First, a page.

Hinterland on the move
The current state
Despite increasing urbanization 44 percent of all people are still living in rural areas. In the least developed countries that percentage is clearly higher, but even in the European Union, one in four residents lives in the countryside. In the sparsely populated areas there, the provision of public transportation poses a technical, and even more so, a financial challenge. Service schedules are limited and area coverage is inadequate. Consequently, privately owned passenger vehicles remain the most important means of transportation especially in industrial nations. In the countryside, many households have two or even three cars and public transportation is practically of no consequence. The dominance of passenger cars has an adverse effect on the environment – and puts entire segments of the population at a disadvantage: children, senior citizens, patients, people with disabilities and those without driver’s licenses or the requisite financial means.
In the countries of the global south, the situation is a lot more difficult: According to the World Bank, that’s where around one billion people live in villages that are more than two kilometers (1.2 miles) away from the next road that can be traveled all year round; in some African countries, the situation is particularly precarious. There, people can only cover distances that their feet can handle, which means that they’re cut off from the world economically and socially, especially during the rainy season. Where markets, schools and health clinics are not accessible economic development stagnates and poverty becomes entrenched.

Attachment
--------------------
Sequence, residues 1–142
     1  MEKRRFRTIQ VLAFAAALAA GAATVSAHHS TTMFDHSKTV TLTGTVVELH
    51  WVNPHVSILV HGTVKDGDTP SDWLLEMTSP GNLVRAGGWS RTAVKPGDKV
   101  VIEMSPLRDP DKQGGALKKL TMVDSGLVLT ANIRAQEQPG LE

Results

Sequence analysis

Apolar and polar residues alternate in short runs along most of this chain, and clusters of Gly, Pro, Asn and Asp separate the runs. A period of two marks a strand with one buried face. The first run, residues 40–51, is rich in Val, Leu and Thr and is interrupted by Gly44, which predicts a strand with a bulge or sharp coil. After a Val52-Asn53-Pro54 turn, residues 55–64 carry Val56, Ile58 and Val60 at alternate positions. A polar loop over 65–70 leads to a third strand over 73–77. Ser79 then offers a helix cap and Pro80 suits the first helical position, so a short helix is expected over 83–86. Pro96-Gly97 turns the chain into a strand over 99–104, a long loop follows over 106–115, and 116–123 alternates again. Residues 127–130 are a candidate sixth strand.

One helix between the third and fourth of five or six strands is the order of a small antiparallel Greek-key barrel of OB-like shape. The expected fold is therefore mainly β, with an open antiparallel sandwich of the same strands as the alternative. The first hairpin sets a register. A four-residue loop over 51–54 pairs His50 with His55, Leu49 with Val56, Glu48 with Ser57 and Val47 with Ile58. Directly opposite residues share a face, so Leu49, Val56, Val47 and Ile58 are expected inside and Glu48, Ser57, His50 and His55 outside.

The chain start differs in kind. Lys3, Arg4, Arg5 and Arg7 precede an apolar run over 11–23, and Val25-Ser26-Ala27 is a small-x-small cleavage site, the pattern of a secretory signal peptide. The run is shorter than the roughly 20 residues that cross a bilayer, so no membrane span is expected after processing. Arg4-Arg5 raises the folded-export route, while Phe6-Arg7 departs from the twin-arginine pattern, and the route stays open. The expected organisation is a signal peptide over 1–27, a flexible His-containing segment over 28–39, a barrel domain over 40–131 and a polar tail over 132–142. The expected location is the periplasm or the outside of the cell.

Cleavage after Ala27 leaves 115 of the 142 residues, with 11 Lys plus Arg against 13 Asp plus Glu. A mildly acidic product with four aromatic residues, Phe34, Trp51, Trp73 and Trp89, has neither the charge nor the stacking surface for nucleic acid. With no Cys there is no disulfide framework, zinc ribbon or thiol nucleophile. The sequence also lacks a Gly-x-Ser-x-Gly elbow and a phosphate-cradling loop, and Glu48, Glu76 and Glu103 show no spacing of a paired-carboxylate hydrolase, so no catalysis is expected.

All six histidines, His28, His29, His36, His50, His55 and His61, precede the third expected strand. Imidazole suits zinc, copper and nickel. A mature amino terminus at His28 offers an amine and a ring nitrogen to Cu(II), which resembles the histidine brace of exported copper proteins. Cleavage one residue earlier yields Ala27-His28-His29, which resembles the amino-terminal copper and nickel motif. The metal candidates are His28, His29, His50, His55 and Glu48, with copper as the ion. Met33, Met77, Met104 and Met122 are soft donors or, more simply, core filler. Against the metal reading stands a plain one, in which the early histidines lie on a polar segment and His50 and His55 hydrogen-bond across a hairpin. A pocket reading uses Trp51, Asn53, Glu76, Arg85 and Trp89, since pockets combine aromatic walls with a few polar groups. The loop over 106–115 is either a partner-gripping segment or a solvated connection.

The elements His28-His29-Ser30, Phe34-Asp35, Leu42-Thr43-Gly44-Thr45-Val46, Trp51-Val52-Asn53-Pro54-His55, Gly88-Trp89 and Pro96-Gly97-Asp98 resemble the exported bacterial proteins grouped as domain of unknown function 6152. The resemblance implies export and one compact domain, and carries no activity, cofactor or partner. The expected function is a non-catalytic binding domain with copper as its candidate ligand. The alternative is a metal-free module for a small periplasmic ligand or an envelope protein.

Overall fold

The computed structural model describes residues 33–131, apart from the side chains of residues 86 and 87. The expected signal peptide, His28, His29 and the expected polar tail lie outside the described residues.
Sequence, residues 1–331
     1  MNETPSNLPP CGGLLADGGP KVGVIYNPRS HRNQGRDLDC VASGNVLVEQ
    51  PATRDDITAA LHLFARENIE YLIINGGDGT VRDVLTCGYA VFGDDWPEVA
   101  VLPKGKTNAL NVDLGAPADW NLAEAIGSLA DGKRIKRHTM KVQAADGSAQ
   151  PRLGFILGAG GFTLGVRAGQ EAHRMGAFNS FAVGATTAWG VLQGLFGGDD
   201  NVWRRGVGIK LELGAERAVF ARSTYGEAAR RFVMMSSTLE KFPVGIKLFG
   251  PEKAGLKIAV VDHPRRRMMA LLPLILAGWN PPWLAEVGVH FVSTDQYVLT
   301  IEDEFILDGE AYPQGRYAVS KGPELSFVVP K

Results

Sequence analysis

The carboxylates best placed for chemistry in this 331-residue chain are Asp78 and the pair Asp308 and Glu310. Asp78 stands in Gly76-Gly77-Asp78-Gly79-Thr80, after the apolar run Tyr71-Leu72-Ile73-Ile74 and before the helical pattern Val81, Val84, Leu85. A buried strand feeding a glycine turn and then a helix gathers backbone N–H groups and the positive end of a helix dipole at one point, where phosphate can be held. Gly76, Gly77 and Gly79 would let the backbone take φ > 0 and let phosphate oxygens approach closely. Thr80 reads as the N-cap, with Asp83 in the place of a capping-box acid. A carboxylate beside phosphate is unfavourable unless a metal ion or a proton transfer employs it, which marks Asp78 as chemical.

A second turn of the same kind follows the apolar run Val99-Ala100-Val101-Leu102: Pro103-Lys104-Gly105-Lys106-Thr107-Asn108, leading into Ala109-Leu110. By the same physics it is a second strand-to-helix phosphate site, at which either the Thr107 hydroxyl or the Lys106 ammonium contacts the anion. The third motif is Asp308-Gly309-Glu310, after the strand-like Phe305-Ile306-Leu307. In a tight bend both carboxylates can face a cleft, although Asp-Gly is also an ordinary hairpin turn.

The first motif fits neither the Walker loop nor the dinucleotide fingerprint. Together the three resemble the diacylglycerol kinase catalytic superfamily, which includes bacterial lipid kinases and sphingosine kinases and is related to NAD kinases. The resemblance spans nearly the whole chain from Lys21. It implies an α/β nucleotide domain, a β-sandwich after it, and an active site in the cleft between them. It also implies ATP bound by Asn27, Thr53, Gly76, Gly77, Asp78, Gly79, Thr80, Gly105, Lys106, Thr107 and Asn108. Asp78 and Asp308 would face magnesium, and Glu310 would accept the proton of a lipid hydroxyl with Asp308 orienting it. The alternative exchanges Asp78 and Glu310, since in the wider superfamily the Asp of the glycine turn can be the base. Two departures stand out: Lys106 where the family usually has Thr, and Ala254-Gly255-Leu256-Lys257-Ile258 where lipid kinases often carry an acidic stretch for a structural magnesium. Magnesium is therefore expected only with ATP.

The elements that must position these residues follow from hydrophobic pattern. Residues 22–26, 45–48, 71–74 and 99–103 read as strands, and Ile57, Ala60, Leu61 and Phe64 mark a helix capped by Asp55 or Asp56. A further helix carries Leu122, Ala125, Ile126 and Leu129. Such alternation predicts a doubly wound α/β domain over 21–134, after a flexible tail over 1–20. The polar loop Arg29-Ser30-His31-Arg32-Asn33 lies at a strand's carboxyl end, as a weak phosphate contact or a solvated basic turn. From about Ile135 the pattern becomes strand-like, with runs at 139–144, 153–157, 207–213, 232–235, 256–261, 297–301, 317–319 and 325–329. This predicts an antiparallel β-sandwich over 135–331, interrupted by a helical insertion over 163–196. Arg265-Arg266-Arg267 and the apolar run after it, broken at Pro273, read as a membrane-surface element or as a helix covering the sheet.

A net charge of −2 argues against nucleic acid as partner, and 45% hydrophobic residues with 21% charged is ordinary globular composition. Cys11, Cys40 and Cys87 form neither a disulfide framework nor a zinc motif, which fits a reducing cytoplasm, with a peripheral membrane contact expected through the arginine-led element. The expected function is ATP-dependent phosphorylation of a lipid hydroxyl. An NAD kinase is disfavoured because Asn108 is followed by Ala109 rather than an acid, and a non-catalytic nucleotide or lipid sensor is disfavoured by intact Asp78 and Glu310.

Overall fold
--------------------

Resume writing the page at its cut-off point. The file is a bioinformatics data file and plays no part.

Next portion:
Relatively well-developed highways exist even in the global south but they don’t provide access to villages and farm fields. There’s a lack of feeder roads and, in many cases, even of bridges. Many people can use only trails, on which moving forward is tiresome and time-consuming; even the procurement of water or firewood poses a huge challenge, let alone gaining access to education and healthcare.
“The construction of farming and forestry roads is central,” says Susanne Neubert, Co-Leader of the Seminar for Rural Development at Berlin’s Humboldt University. In fact, where farming and forestry roads connect people there’s measurable improvement. In Ethiopian villages that were connected to the road network, the level of consumption increased to 16 percent, while poverty slightly decreased. A similar situation exists in Bangladesh: less poverty, more income – plus more children attending school. In Indonesia, the construction of farming and forestry roads made it possible for many people to use healthcare services instead of seeing the traditional healers. In Nepal, the mountainous country in the Himalayas, more than 8,000 suspension bridges that significantly shortened distances were built with support from a Swiss development organization. As a result, more children are now going to school, and the number of visits to healthcare centers keeps increasing. Along every fifth bridge, shops, snack bars or repair shops were opened. Another example that shows that roads lead to growth.